“Oh, but you’re so young!”
Young People with Chronic Illnesses & Dealing with Ageism

“Ageism doesn’t only affect the elderly; young patients suffer from it too, and frankly, it’s tiring.”

Being diagnosed with a chronic illness at a young age comes with its challenges, of course. It is a world that at 16 years old I didn’t think I would be a part of – at least not so young. I’ve been dealing with Chronic Kidney Disease for ten years (I’m now 26 years old), and the issues that come with it, such as the side effects, pain management, and various treatments; but one of the most significant problems I’ve dealt with over the years, and still do today, is ‘Ageism’.

There have been many situations where I have told older people that I have kidney failure, and I always tend to get the same response:

“Oh, but you’re so young!”

Often we are told that certain services aren’t necessary for our age, and if we request them then the referral times tend to be longer than the general waiting period, because we are overlooked or aren’t considered as urgent as older patients in the healthcare system.

For those who do not know what ageism is, it is a form of discrimination or stereotyping against a particular age group and hell yes, we young people experience it more than you would think. It’s not a term just used for elderly patients; we as young patients are dismissed when we tell doctors or health professionals about our symptoms and health situation, and in environments that our health issues become a problem due to our young age.

I am sure that staff in hospitals don’t mean any disrespect. It’s just that healthcare professionals prejudge us already because of our age. For example, in A&E or urgent care when they look at our Date of Birth, we are suddenly more likely to deal with apparently ageist issues. Of course, young people tend to look healthier, and even those with chronic illnesses don’t always physically look sick or they may even appear to have an invisible disability, because people my age don’t typically suffer from chronic diseases as much as the elderly community.

Which brings me to the lack of research on younger patients, that tends to become an issue with medication or treatment methods, as with the studies being so heavily geared towards older adults and elderly patients; where the result from these average adult-based studies are being used to treat young patients, and then doctors are having to adjust and try different medications until they find the right dose or combination of medicines for that young patient.

Only recently this year I was a part of a research study where a paediatrician was looking into young people suffering from bone density issues and a lack of Vitamin D from dialysis, because the medicine at the time that was being given to young patients had been based on studies into adult bones. That there are these doctors and researchers addressing these inequalities, those that are conducting these kinds of studies, is just one of the many ways of battling ageism against younger patients, and giving sick young people a platform to be secure in their identity as a young chronic patient.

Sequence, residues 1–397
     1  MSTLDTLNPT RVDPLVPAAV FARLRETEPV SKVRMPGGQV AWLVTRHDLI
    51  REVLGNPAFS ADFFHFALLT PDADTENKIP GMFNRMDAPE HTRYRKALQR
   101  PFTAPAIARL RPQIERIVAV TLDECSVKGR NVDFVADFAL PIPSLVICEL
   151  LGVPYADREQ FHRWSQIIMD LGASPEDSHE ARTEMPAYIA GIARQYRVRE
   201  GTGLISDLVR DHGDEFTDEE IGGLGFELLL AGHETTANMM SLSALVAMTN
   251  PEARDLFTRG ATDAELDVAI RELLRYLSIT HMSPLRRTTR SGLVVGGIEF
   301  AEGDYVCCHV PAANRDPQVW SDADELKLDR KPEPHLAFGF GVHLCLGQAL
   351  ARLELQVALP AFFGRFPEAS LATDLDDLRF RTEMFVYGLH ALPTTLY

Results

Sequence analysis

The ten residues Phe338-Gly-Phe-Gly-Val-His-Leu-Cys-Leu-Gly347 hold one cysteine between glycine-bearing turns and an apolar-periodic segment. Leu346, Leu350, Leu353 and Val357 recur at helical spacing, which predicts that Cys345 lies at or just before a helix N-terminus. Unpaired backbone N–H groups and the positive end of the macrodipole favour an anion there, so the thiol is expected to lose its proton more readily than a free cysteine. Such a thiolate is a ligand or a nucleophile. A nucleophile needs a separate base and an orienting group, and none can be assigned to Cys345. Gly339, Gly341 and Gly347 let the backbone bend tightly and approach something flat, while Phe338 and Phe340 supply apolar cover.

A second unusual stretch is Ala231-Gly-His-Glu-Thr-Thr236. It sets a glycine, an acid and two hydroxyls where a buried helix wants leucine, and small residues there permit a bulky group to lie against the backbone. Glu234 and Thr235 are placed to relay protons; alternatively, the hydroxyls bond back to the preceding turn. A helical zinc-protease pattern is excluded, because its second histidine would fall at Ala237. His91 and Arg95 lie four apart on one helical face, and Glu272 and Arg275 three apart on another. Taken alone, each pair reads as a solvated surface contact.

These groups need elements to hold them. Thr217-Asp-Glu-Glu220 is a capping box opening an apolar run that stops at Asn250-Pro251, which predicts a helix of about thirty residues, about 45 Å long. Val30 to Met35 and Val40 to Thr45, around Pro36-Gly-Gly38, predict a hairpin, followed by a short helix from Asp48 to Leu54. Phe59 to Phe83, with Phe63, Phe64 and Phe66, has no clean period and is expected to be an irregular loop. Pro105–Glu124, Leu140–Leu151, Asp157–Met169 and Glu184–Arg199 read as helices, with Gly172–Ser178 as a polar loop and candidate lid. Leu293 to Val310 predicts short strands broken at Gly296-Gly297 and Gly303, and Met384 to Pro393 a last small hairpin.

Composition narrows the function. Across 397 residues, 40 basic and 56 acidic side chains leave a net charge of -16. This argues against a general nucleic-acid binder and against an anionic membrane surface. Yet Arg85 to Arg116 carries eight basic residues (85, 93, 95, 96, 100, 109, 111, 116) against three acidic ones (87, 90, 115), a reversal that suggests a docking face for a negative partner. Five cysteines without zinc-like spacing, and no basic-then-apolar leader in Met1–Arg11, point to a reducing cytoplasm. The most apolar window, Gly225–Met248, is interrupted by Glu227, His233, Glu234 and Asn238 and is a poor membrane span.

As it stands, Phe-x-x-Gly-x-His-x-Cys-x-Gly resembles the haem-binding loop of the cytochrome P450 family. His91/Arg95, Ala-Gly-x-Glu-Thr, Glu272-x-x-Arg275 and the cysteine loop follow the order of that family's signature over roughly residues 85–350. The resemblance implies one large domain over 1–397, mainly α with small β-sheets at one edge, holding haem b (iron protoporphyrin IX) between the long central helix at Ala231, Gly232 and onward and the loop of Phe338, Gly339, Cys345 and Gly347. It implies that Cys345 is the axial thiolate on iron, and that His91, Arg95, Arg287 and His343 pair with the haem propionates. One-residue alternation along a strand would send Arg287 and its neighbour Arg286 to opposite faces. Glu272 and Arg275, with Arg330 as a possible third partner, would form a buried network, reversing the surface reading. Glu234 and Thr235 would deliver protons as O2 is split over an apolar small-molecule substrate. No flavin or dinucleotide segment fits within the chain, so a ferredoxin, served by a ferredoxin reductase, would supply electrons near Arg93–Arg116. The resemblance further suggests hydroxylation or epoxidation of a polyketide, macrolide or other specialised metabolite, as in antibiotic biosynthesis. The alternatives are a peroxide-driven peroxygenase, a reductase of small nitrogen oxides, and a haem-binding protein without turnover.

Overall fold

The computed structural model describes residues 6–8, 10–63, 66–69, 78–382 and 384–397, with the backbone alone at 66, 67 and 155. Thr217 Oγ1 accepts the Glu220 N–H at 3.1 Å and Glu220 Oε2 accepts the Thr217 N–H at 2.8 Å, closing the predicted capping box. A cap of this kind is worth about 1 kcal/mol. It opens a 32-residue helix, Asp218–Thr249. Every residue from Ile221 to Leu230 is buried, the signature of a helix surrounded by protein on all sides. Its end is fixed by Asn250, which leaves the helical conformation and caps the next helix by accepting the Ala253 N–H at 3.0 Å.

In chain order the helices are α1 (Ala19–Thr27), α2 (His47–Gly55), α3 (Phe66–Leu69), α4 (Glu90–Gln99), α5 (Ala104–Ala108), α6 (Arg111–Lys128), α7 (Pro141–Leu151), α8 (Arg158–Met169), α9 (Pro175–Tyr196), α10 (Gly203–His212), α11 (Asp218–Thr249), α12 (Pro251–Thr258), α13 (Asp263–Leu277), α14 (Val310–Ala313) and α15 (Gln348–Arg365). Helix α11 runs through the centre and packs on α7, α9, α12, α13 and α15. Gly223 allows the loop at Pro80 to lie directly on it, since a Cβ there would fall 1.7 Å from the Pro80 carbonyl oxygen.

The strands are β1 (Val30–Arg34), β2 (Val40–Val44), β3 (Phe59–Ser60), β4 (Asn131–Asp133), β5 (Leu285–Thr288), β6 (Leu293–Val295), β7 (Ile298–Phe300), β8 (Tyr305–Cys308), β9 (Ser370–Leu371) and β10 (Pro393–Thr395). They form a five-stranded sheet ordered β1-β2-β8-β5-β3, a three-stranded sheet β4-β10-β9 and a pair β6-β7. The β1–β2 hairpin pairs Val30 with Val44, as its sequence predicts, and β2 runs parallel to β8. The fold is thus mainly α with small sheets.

I was lucky to have recently received a second kidney transplant, which is currently only six weeks old, and just the experience of being the only young patient was and always has been a struggle for me. You are the only young patient on a ward filled with elderly patients, which causes a barrier, even if I have met some long-life friends who are older than me. Still, the nurses always prioritise the more senior patients, meaning that they are coming to me last, even when I am asking for help – when I’m in pain or waiting for my medication. Ageism doesn’t only affect the elderly; young patients suffer from it too, and frankly, it’s tiring.

It’s an old flawed system that is used to being judgmental towards an age group for being too young to be sick; and yet we live in a new era of young people being diagnosed more and more with chronic illness. We all need to be more mindful of coming with a prejudgment of young people who look physically able; ageism can’t be allowed to determine a young person’s disability or chronic disease.

Ayan Khaire is a 26-year-old kidney transplant recipient from London. You can follow her on Twitter, Instagram or via her personal blog Inside My Multiple Minds

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2 Responses

  1. Well said and well written. Although I started my kidney life in my early 30s I’ve seen and heard for myself the ageism you describe. It was hard in meetings getting across that young adults need a voice too when the average audience was 50 plus. I’ve learnt so much from the people I’ve met at the young adult weekends over these past 7 years.

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